The twelfth reflection in a series, “Hope to See Us Through,” by the Rev. Terry Elsberry.
“‘For I know the plans I have for you,’ declares the Lord, ‘plans for welfare and not for calamity to give you a future and a hope.’”—Jeremiah 29:11
If you know me at all, you know I’m by nature an upbeat, positive kind of guy.
But today, the accumulated pain, frustration and anger of what’s happening in our country has caught up with me.
When I sat down to write these words, all I could think of was probably the most unremittingly UN hopeful book in the Bible: the Lamentations of Jeremiah.
The word Lamentation has kept coming to me. And what does it mean? Expressions of passionate grief and sorrow. And that’s what I’m feeling for America right not.
Somehow my personal nadir came this morning when I heard that last night rioters set fire to St. John’s, Lafayette Square, “The Church of the Presidents” a block from the White House.
My first job out of seminary was as an assistant at St. John’s. I was ordained to the priesthood at St. John’s. I learned more about what it means to be a priest in God’s church at St. John’s than I did in seminary—love and value my seminary training though I did.
St. John’s was built in 1810 by an act of congress instituted by James Madison. He and Dolly were ardent Episcopalians. But the only Episcopal church in the new Washington was St. Mark’s on Capitol Hill, hard for the First Couple to attend because the unpaved streets were impassable most of the year. So President Madison enjoined congress to act and the lovely little yellow church with white pillars was the result.
St. John’s has been at the heart of our nation’s history ever since. I have a wonderful old picture of the new church with the White House, visible in the background, partially burned by the British in the War of 1812.
President Lincoln, during some of the worst days of the Civil War, would frequently walk over to St. John’s to kneel and pray in a pew near the back of the church. Presidents traditionally attend a prayer service at St. John’s before they go to the Capitol for their inauguration. While I was there, I organized Ronald Reagan’s second inaugural prayer service.
So for me personally and for our country that someone would be so disrespectful of both a consecrated house of God and an icon of our national history is for me cause for lamentation.
Wasn’t the pandemic, with its awful, unfair thousands of deaths, with the heartache and pain caused in thousands of different ways in the lives of thousands of our countrymen and women; with the blow to our economy and the disruption to virtually every aspect of our lives; wasn’t that enough?
Seemingly not. Now we’ve had to watch the agonizing murder by an American policemen of a fellow American—already handcuffed—as the victim begged the officer to take his knee off his neck so he could live, begged him with the words, “Please, Sir, I can’t breathe.”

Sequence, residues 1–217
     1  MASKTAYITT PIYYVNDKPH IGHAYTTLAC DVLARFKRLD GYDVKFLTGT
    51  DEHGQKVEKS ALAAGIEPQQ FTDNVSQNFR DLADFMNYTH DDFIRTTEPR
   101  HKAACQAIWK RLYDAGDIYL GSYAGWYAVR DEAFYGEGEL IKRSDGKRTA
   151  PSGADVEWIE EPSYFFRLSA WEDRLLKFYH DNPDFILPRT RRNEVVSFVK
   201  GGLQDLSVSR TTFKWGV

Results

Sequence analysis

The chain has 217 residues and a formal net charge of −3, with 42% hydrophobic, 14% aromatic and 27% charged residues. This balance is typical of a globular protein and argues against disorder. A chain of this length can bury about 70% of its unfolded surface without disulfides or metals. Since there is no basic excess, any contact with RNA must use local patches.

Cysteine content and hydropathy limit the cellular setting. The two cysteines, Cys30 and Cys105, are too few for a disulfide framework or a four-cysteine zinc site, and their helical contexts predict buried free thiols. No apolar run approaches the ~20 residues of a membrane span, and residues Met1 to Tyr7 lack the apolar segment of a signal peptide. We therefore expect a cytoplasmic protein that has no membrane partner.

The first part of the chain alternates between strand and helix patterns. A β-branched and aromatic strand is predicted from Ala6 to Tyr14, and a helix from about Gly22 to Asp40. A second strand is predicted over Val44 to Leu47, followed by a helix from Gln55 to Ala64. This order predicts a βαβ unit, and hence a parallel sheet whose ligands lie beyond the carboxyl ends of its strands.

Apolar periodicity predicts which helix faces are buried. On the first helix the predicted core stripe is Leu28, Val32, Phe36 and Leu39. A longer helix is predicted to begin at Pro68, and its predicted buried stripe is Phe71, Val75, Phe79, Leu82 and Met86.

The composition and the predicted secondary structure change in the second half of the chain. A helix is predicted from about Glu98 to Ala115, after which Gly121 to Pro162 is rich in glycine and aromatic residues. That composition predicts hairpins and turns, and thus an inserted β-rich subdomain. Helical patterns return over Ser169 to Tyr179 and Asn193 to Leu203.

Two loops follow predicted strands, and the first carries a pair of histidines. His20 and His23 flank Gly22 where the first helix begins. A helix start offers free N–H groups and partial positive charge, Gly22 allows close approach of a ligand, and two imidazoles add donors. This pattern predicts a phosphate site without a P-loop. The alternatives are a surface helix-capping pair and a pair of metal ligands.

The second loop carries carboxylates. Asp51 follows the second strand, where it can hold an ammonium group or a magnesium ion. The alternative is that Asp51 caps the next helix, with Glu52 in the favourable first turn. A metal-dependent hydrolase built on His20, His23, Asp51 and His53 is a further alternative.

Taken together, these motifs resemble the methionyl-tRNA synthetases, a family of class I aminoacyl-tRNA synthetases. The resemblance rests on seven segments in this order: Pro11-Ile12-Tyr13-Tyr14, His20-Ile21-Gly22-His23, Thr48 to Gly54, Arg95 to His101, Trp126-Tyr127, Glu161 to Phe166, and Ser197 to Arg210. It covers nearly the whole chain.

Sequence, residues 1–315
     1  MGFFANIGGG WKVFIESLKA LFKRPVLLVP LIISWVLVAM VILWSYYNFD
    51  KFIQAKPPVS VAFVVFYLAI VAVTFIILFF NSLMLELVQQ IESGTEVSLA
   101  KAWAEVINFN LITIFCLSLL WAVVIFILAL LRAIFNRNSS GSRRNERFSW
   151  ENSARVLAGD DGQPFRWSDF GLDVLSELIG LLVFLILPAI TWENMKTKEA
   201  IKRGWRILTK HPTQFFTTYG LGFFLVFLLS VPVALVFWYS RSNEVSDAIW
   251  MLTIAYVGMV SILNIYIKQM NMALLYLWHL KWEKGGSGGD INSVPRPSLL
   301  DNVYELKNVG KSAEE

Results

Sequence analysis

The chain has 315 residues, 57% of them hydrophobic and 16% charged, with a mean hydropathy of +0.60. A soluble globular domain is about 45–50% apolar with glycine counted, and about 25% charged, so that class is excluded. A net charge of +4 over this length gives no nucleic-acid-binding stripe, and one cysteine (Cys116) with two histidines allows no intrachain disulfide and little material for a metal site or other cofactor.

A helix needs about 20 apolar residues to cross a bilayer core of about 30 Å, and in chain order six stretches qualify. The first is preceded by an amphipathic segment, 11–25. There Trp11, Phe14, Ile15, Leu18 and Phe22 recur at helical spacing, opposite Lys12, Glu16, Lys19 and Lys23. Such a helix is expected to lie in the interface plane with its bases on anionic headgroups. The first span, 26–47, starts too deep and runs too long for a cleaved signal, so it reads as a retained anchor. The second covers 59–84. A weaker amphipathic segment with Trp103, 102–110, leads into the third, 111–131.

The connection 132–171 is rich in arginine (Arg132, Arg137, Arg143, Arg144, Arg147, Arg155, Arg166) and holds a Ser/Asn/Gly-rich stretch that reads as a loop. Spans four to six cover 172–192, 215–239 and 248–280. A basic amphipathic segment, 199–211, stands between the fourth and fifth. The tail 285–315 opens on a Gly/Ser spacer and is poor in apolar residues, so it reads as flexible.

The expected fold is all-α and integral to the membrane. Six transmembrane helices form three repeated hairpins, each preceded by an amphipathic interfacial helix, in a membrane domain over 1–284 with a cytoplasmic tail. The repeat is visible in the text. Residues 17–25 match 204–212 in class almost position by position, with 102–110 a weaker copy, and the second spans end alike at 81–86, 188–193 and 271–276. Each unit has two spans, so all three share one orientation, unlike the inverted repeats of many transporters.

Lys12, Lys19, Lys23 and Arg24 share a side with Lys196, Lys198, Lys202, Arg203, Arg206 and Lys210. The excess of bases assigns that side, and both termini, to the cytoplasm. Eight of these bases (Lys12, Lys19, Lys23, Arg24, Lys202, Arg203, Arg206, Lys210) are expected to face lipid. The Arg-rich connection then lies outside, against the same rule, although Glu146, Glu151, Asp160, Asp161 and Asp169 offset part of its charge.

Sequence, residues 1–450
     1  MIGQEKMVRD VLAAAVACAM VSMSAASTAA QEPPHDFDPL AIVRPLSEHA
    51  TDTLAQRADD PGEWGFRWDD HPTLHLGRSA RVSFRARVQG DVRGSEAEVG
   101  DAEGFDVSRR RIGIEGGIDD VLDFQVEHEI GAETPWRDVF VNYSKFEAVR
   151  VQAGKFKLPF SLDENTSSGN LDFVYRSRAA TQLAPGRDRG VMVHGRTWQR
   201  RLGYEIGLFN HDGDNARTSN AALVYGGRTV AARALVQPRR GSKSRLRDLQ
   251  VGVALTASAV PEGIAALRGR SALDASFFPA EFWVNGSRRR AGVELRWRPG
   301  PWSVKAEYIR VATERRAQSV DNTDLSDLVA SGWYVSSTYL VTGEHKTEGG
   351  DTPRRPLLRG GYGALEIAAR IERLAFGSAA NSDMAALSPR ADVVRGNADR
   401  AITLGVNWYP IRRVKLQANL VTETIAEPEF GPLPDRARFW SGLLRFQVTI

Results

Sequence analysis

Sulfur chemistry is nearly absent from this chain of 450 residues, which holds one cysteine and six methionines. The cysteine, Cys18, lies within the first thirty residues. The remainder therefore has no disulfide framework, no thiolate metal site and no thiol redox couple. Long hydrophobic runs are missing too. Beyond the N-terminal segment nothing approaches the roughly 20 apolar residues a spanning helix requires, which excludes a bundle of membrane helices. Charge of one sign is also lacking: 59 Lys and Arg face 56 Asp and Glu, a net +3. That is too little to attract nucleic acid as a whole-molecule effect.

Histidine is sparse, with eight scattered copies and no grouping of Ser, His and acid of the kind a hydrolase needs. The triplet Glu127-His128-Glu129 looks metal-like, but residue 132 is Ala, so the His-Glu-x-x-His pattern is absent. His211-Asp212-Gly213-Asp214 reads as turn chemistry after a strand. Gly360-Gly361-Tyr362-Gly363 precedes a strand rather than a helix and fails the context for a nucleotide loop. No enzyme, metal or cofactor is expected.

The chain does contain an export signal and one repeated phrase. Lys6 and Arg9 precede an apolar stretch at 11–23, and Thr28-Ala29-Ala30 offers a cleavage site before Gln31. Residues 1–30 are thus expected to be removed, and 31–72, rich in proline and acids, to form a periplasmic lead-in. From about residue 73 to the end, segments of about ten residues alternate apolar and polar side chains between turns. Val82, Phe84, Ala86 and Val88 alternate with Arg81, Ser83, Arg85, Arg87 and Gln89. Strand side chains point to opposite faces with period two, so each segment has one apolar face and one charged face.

Wasn’t that enough? Seemingly not.
Now we’ve had to watch demonstrations against this awful expression of brutality turn into riots—as already threatened businesses are sacked or burned and police and national guard find themselves pitted against the rioters in their attempts to restore order and safety.
SURELY IF THERE EVER WAS ONE, NOW IS A TIME TO LAMENT FOR OUR NATION.
I was so obsessed by the concept, I actually turned to Lamentations in the Bible. Here we see the prophet Jeremiah in line after line and page after page of powerfully written woeful prose bemoaning, lamenting, the destruction of Jerusalem.
Jerusalem, the national and religious heart and soul of the Jewish nation. Jerusalem, home of the Temple, spiritual center and focus of the Jewish people.
Jerusalem has been sacked and burned and the Temple destroyed, by the conquering Babylonians and the people who survived have been carried off into exile.
No wonder Jeremiah writes, “My soul . . . is bowed down within me.”
So is my soul bowed down within me today for the suffering of so many in our land. So could I weep for this oppression to lift and set us free from too much suffering, too many seemingly insurmountable problems.
And I—like Jeremiah—know it can happen.
For does Jeremiah not say, before he finishes his salvo of despair, does he not trumpet at last these words of hope in the Lord?
“The Lord is my portion,” says my soul,
“Therefore I have hope in Him. The Lord is good to those who wait for Him, to the person who seeks Him.
“The steadfast love of the Lord never ceases, His mercies never come to an end. They are new every morning, new every morning. Great is Thy faithfulness, O Lord, great is Thy faithfulness.”
May it be for us, may it be for all Americans, as it was for Jeremiah and the people of Israel who were—after years of exile—restored to their land and able to restore their city. May we come through these dark times to a glorious new beginning.